The Mongol Empire & Yuan Dynasty (1279 – 1368 AD) – Part 2/5

Kublai Khan’s mother took the time to educate her younger son in the teachings of Confucius. Without renouncing the violent ways of the Mongols, she encouraged the two sides of his nature that would be the key to his success.

In 1236, at the age of twenty-one, Kublai was granted his own land to rule in northern China by his uncle, who was the great khan.

At the time, the bureaucrats and officials heavily taxed the people and the people were often forced to work for the state like road building.

Encouraged by his mother, Kublai Khan decided to change this and brought about reforms.  The peasants of northern China appreciated what he did for them.

However, traditional Mongol ruling families distrusted what he was doing in China.

When his brother Mongke became the great khan in 1251 after his uncle’s death, Kublai Khan was given more land to rule in northeastern China.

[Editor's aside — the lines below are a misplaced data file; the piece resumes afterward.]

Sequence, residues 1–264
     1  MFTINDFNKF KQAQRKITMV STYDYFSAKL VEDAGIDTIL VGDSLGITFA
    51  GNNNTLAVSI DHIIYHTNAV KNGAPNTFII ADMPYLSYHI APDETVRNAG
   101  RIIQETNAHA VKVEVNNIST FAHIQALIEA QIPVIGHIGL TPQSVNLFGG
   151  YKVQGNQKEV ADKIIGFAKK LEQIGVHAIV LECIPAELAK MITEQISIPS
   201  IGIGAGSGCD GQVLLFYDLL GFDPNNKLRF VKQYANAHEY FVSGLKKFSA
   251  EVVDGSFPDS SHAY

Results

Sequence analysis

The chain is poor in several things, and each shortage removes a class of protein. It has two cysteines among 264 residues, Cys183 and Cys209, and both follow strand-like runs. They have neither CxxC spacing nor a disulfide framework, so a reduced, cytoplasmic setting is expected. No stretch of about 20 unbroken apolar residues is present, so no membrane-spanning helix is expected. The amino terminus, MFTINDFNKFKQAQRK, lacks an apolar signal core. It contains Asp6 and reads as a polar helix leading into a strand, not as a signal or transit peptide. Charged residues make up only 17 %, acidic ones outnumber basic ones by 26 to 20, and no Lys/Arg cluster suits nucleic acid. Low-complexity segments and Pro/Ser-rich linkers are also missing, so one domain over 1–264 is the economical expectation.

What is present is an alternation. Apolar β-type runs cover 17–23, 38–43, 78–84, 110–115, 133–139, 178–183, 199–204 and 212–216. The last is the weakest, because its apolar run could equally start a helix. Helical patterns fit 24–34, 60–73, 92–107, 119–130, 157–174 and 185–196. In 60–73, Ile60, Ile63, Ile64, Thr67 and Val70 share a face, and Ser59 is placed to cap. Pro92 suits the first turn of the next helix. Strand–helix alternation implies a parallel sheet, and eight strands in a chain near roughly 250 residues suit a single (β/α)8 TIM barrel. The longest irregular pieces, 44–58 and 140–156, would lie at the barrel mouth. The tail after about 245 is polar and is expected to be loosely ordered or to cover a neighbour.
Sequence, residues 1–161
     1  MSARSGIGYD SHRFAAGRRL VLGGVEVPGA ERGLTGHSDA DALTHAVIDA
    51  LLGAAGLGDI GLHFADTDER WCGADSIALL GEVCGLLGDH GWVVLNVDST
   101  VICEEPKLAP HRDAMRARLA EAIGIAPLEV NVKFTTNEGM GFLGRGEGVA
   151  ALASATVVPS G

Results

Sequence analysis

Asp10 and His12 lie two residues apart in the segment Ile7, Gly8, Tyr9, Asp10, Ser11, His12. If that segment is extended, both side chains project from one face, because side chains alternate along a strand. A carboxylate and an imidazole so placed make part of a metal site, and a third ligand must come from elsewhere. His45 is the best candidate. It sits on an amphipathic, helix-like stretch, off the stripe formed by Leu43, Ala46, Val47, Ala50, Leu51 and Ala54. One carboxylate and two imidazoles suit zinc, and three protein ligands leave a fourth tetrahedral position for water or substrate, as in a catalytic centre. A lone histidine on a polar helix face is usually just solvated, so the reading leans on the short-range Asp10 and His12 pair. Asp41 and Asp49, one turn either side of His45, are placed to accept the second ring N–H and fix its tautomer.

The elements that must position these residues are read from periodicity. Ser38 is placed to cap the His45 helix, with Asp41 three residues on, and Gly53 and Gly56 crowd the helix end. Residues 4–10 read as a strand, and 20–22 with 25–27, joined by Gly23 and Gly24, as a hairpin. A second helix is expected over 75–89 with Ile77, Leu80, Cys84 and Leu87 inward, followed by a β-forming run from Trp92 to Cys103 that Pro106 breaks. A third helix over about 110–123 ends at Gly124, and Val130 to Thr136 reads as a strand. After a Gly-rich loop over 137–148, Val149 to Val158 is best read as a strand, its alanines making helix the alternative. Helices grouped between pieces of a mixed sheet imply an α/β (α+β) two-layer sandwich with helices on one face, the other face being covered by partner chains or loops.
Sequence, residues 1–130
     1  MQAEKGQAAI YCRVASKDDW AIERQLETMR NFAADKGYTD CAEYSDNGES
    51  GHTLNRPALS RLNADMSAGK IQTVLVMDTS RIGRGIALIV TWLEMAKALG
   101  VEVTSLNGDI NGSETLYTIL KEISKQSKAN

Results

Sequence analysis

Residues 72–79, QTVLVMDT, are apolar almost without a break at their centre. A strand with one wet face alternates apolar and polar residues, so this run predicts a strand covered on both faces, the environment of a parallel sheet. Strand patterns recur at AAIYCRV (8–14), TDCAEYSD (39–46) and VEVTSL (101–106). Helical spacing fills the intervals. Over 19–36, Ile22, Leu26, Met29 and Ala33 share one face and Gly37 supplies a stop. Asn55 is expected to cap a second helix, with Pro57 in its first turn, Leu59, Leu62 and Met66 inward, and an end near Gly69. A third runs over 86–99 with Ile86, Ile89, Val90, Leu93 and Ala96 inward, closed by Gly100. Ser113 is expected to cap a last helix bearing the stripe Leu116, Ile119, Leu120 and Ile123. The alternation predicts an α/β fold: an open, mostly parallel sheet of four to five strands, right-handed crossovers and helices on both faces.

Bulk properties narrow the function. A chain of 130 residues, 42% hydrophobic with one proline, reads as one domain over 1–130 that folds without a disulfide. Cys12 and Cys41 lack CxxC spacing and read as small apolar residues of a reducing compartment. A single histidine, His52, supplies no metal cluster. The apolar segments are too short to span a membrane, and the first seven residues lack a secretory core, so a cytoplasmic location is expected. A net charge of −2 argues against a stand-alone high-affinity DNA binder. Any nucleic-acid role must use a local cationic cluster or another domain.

It was now time to prove that he was a warrior. To the Mongols, military success was a sign of a strong leader.

His chance came when his older brother decided to go to war with the powerful Southern Sung Dynasty.

Kublai Khan made the first move in 1252. When he was victorious in his first battle, he returned to Northern China and built a new city to rival his brother’s capital.

This led to a family rift that threatened to tear the empire apart, but his strong relationship with Mongke solved the problem.

On the next campaign to conquer the Southern Song Dynasty, Kublai Khan’s older brother became sick and died. The armies were recalled to decide who the next great khan would be.

Continue to Part 3 or return to The Yuan Dynasty – Part 1

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Lloyd Lofthouse is the award-winning author of The Concubine Saga. When you love a Chinese woman, you marry her family and culture too. This is the love story Sir Robert Hart did not want the world to discover.

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